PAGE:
Archival Investigations for Potential Colonial-Era Shipwrecks in Ultra-deep Water within the Gulf of Mexico
- Michael Krivor (Search Associates Inc.)
- Document ID
- Offshore Technology Conference
- Offshore Technology Conference, 2-5 May, Houston, Texas, USA
- Publication Date
- Document Type
- Conference Paper
- 2011. Offshore Technology Conference
- 4.2 Pipelines, Flowlines and Risers, 7.2.1 Risk, Uncertainty and Risk Assessment, 6.1.5 Human Resources, Competence and Training
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The Bureau of Ocean Energy Management, Regulation, and Enforcement (BOEM), as an agency of the U.S. Department of the Interior, is charged with the responsibility of considering the effects of its actions on significant submerged cultural resources on the Outer Continental Shelf (OCS). To protect such resources from the effects of oil and gas activity within the Gulf of Mexico (GOM), the BOEM sought to amass and assess primary archival material relative to early vessel losses (ca. sixteenth to eighteenth century) in Ultra-Deep Water (UDW) (>5,000 feet) within the GOM. From 2008 through 2009, Southeastern Archaeological Research, Inc. (SEARCH) conducted archival research at a variety of national and international repositories thought to contain primary documents relative to early vessel losses within the GOM. Results of the investigation successfully identified previously unknown, early-colonial-period vessel losses located within the GOM. This presentation will discuss the methods, results, and recommendations of the investigation.
The Bureau of Ocean Energy Management, Regulation, and Enforcement, (BOEM) as an agency of the U.S. Department of the Interior, is charged with the responsibility of considering the effects of its actions on significant submerged cultural resources on the Outer Continental Shelf (OCS) of the United States, from State Waters to the limit of the Exclusive Economic Zone. In an effort to protect submerged cultural resources from potential effects of oil and gas activity within the Gulf of Mexico (GOM), BOEM seeks to amass and assess primary archival material relative to early vessel losses (ca. sixteenth to eighteenth centuries) in Ultra-Deep Water (UDW) (>5,000 feet) within the GOM.
To achieve project goals, BOEM requested that various repositories (international and national) be identified and visited in an effort to gather primary archival resources. Relevant documents were to be transcribed and translated to English by a professional paleographer. Historical data and imagery acquired under this contract was to be analyzed to identify each vessel casualty and establish its type, date of construction, nationality, ownership, use history, mission, and cargo at time of loss, as well as factors contributing to its loss.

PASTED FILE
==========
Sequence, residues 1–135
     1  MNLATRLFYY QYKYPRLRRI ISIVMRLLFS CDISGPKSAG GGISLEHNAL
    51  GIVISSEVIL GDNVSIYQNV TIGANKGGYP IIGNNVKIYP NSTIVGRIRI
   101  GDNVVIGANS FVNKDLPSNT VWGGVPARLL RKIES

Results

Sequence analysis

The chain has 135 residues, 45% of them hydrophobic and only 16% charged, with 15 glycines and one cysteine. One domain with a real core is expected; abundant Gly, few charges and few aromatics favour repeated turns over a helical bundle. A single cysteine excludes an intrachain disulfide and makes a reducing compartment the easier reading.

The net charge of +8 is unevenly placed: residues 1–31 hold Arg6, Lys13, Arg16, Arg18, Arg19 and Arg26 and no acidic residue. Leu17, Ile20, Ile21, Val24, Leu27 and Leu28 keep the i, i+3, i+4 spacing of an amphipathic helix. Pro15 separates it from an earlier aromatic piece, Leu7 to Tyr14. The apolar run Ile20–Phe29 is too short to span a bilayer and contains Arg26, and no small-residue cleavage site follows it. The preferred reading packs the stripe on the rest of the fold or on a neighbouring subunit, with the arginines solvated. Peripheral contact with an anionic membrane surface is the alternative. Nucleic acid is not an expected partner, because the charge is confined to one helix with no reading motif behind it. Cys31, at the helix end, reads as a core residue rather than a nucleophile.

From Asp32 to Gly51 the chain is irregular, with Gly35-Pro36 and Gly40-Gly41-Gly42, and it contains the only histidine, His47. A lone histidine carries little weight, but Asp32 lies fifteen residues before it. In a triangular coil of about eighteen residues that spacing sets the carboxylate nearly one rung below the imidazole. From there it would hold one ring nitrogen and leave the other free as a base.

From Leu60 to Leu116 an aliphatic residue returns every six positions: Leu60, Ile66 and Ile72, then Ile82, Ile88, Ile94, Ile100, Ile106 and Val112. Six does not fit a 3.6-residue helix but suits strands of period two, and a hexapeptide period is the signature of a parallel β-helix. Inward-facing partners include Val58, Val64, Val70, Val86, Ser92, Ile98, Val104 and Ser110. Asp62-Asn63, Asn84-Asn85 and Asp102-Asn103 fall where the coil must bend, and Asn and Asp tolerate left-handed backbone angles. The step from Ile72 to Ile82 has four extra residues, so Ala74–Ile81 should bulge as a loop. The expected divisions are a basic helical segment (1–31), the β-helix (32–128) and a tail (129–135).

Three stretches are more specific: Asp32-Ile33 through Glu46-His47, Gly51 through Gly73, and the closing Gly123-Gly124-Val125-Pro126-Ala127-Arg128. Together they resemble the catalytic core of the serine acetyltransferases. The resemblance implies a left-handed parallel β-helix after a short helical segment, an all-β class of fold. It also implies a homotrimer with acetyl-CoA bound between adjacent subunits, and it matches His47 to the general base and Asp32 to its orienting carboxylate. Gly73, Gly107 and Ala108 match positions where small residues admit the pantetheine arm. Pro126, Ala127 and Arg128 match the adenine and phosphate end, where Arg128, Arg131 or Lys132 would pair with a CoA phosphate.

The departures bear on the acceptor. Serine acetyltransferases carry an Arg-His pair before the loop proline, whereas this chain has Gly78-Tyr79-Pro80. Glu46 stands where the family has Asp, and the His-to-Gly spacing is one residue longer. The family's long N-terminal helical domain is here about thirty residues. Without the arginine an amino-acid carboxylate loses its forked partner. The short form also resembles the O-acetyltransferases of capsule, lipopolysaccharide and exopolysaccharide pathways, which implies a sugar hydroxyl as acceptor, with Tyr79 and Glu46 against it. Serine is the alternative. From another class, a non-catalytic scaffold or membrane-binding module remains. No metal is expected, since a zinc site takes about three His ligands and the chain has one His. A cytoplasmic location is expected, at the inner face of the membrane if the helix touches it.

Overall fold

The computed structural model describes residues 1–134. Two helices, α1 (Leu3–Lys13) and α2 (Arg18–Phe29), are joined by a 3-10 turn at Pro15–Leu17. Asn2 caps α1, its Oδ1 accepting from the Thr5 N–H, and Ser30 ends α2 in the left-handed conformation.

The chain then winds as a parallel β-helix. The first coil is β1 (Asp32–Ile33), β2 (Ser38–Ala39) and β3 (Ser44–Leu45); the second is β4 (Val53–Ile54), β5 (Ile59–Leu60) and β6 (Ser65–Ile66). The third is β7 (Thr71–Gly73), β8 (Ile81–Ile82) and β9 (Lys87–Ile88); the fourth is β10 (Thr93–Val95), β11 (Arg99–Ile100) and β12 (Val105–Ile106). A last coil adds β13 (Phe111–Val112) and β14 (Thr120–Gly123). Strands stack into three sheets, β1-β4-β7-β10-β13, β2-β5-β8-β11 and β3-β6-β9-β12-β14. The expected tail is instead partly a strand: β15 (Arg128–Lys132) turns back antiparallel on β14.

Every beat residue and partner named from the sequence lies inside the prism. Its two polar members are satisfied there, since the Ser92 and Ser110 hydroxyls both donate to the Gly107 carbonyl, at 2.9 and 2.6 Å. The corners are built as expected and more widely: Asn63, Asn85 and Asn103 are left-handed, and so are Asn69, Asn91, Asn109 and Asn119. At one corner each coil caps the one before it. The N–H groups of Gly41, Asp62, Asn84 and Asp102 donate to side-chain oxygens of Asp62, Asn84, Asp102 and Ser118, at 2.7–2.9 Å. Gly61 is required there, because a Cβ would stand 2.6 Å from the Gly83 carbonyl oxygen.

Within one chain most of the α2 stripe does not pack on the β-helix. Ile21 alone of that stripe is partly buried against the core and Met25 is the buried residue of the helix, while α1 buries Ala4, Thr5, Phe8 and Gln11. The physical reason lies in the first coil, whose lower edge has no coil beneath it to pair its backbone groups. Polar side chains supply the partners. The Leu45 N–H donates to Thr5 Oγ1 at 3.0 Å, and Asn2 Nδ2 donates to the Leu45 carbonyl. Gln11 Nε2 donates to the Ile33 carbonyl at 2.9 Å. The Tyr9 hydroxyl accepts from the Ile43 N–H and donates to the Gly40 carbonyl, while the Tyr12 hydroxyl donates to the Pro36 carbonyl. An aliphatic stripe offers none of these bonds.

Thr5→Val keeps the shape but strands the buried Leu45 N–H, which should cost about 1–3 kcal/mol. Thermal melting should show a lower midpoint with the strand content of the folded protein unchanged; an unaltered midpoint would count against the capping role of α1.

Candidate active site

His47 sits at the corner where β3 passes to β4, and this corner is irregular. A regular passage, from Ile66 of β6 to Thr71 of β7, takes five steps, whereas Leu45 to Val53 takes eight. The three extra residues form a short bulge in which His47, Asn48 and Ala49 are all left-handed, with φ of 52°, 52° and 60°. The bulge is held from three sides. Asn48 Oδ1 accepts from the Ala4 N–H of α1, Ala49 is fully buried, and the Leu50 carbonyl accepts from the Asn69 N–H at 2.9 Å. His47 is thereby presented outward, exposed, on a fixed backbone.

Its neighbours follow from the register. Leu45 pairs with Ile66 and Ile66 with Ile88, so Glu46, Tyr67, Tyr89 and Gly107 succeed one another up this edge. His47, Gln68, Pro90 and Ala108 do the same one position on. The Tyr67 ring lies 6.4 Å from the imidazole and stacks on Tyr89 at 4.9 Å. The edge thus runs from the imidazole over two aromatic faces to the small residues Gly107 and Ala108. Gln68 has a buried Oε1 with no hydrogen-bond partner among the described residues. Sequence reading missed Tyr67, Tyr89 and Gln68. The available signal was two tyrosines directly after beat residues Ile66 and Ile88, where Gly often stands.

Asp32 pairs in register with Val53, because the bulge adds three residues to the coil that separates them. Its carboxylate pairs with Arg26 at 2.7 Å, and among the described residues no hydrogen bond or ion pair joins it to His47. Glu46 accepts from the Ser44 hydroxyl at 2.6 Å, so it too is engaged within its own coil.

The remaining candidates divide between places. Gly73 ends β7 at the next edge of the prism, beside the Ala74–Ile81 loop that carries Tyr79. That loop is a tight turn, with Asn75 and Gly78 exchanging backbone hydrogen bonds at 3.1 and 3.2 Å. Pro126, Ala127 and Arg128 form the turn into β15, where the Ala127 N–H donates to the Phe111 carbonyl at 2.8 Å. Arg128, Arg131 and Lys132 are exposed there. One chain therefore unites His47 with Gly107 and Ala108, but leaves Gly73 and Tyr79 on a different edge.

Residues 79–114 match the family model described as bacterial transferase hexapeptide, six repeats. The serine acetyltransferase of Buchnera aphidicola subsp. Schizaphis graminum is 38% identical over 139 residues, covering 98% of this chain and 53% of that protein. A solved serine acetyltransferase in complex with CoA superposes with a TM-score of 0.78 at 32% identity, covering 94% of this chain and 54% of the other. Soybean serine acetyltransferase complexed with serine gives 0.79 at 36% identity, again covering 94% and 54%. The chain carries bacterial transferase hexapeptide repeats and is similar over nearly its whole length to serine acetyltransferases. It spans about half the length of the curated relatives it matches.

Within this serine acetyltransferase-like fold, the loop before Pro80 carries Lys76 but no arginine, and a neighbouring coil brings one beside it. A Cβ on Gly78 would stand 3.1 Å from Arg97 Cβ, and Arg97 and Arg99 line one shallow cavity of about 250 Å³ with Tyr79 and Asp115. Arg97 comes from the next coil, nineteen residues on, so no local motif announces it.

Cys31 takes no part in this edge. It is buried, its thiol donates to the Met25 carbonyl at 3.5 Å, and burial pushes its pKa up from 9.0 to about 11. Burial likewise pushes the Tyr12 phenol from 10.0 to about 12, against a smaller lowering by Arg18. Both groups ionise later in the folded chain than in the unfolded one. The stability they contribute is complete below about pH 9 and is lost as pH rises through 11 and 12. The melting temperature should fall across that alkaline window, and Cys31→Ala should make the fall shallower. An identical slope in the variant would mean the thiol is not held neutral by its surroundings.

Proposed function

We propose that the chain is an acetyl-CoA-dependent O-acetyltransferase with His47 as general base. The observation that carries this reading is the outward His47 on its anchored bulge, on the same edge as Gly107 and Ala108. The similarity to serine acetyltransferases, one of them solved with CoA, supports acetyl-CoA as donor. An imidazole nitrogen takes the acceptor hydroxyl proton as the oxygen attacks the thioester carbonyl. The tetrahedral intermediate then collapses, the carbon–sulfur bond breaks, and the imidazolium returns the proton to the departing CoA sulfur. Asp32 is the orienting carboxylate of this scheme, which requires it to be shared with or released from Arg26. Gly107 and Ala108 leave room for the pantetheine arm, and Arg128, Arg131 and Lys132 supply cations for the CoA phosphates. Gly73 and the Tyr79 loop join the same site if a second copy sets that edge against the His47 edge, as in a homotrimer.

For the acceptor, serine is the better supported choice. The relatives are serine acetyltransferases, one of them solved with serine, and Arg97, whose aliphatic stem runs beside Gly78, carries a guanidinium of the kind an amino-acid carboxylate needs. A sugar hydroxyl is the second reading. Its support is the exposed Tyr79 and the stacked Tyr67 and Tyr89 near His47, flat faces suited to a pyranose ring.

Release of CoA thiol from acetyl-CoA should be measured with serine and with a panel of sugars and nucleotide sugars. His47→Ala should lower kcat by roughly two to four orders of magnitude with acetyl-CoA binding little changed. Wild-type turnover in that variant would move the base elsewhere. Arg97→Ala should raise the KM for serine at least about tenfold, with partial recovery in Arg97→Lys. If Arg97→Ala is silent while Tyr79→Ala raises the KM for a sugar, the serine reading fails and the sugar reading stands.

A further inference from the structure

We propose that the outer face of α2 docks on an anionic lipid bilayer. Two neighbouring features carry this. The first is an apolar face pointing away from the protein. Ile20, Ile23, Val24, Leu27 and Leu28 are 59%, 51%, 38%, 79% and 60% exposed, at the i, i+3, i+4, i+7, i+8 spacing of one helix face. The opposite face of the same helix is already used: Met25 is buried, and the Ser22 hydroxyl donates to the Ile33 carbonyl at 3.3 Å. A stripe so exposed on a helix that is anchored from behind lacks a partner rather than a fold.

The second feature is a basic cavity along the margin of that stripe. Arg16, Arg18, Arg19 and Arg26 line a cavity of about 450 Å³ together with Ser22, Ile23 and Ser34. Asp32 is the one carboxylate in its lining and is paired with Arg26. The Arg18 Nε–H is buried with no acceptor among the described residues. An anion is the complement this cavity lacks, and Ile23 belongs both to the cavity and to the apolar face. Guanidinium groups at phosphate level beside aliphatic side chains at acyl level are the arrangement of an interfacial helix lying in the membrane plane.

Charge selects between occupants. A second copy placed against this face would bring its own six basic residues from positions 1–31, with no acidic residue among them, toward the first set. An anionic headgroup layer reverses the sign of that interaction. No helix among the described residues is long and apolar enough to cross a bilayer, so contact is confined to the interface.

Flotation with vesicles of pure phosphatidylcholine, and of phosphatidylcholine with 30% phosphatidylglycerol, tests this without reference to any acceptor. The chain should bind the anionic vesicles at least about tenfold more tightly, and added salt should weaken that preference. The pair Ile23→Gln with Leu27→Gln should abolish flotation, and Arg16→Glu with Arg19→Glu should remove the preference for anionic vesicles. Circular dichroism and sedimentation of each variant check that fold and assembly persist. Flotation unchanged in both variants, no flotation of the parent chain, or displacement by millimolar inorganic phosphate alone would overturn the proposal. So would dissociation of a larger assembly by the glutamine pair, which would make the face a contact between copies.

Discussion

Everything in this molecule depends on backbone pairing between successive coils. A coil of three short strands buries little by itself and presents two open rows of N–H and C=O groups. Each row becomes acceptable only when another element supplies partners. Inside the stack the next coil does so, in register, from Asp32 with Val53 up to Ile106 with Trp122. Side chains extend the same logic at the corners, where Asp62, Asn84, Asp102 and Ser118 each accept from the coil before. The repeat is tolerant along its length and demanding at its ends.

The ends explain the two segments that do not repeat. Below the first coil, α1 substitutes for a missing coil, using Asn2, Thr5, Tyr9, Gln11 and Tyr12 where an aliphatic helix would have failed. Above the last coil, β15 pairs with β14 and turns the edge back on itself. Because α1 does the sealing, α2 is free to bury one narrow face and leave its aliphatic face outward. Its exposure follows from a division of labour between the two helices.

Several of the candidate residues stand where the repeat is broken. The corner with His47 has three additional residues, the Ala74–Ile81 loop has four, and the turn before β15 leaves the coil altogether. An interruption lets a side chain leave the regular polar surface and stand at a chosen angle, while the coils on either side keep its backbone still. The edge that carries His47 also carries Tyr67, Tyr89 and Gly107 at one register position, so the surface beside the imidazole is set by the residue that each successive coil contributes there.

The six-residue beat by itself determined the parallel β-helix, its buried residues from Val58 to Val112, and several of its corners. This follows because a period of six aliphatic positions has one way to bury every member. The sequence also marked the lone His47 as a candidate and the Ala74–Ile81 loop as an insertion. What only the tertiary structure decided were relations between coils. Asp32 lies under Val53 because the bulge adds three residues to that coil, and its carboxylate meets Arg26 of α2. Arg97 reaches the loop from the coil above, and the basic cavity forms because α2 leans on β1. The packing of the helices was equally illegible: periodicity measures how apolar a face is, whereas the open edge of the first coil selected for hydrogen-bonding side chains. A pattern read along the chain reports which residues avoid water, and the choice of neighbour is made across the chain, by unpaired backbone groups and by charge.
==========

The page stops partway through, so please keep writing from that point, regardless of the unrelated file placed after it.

Ultimately, a greater understanding of the likelihood and presence of historic shipwrecks within UDW of the GOM will enable BOEM to anticipate and protect these sites. Archival information relative to colonial-era shipwrecks will augment BOEM's ability to utilize adaptive management strategies in its regulation of OCS oil and gas activities within the GOM in an effort to minimize impacts to potentially significant submerged cultural resources.
Southeastern Archaeological Research, Inc. (SEARCH) of Pensacola, Florida, was subsequently contracted to conduct research for the project titled Archival Investigations for Potential Colonial-Era Shipwrecks in Ultra-Deep Water within the Gulf of Mexico.
The fact that wooden sailing ships foundered and sunk in the GOM during the sixteenth through the eighteenth centuries is well established, but little effort has been made toward compiling a comprehensive inventory of potential deepwater shipwrecks. Most ships that sank in the open sea disappeared without a trace, usually with no survivors; thus, whatever archival record is found must be carefully analyzed to arrive at a hypothetical location for any particular loss. Spain is not the only country to have lost ships in the region; France and England also suffered historic vessel losses within the GOM.
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